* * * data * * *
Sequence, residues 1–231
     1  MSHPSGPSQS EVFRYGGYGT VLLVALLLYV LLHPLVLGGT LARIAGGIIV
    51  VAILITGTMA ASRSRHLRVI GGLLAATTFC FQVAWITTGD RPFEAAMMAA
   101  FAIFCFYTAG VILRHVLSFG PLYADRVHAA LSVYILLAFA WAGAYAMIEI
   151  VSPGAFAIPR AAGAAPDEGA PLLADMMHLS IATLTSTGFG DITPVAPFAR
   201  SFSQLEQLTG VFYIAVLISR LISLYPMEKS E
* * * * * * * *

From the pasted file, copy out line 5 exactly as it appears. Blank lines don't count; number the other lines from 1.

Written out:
   151  VSPGAFAIPR AAGAAPDEGA PLLADMMHLS IATLTSTGFG DITPVAPFAR